|Peruvian citizens demand better TV|
Under the theme “TV – How I dream you” the first step was to call up and train some one hundred members of REVOLCOM – Network of Communication Volunteers, a network of young people who are either students or have a strong interest in communications. The trained volunteers then proceeded to organize different social animation activities or ‘citizens caravans’ in each of the cities in question. Conceived as a communication strategy that allows the use of public spaces to establish a dialogue with the public, these caravans are more like street performances and REVOLCOM needed to liaise with the local authorities as well as the security services and the media to ensure coverage of the events.
Drama, street musicians and performances, traditional dances and collective games were all tactics employed by the volunteers to awaken interest and generate public debate in town squares. Thus they generated enough public and media interest for the four events to be great successes. Clowns in stilts walked up and down inviting people to go into one of several booths to record their opinions on the entertainment programmes being offered, or write down their thoughts on large sheets of papers placed strategically around the town square. A number chose to be interviewed and went live on television and in radio with their opinions. Upwards of 2,300 people participated in the public space interventions.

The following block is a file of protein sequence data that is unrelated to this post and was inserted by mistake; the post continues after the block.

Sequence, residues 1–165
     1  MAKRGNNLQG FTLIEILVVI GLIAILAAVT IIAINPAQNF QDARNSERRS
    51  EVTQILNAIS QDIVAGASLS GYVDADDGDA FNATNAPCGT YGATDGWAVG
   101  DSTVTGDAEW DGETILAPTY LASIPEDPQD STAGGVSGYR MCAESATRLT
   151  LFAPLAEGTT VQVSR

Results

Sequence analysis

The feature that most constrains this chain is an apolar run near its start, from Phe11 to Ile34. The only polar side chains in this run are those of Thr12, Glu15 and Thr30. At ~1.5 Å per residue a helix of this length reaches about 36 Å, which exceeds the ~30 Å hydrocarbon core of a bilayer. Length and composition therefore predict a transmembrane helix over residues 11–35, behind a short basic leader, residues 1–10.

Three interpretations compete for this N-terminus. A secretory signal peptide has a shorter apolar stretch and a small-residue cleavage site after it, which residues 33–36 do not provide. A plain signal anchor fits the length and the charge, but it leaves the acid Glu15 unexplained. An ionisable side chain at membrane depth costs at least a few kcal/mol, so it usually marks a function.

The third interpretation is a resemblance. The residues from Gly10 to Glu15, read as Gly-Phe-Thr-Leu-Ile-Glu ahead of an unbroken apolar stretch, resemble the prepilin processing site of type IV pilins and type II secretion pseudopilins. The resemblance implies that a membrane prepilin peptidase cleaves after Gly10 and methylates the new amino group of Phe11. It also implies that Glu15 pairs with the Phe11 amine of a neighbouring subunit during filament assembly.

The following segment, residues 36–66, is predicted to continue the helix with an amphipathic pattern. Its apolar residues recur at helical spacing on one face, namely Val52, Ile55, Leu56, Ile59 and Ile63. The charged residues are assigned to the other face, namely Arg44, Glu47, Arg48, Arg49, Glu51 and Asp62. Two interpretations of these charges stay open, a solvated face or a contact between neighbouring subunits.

At the beginning of 2008 and after the information gathered in the four cities was systematized, analysed and distributed, the four ‘media parliaments’ were organized with the one in Lima being held in the facilities of Peru’s Congress. Extensive media coverage of the event in Lima guaranteed that the other three ‘parliaments’ got almost as much media exposure as the one in the capital city.
Participants were asked to debate and attempt to provide answers and recommendations to five key questions dealing with the quality of TV offer and improvements and changes that they, as citizens saw as necessary. Finally and with the objective of bringing together proposals to improve Peru’s audiovisual entertainment offer, the public was invited to produce and send videos and power points illustrating some of the aspirations of ordinary citizens for quality TV entertainment.
Veeduría Ciudadana – or citizen’s watchdog – was launched in the year 2000 by a coalition of communication related groups in Lima, Peru. Asociación Calandria, a long standing member of WACC was part of the founding group and today it continues to provide leadership to the watchdog.
Calandria and the Veeduría Ciudadana, (Peru), were key players in the launching in July 2007 of the Latin America’s Network of Media Observatories which includes the groups DOSES (Guatemala), FUCATEL (Chile), Instituto de Investigación de Medios (Argentina), Red Andi América Latina (with members in Argentina, Bolivia, Brasil, Colombia, Costa Rica, Ecuador, Guatemala, México, Nicaragua, Paraguay, Perú and Venezuela), the Observatorio Nacional de Medios (ONADEM Bolivia) and the Observatorio de Prensa (Brasil).
For more information on the project contact: Rosa María Alfaro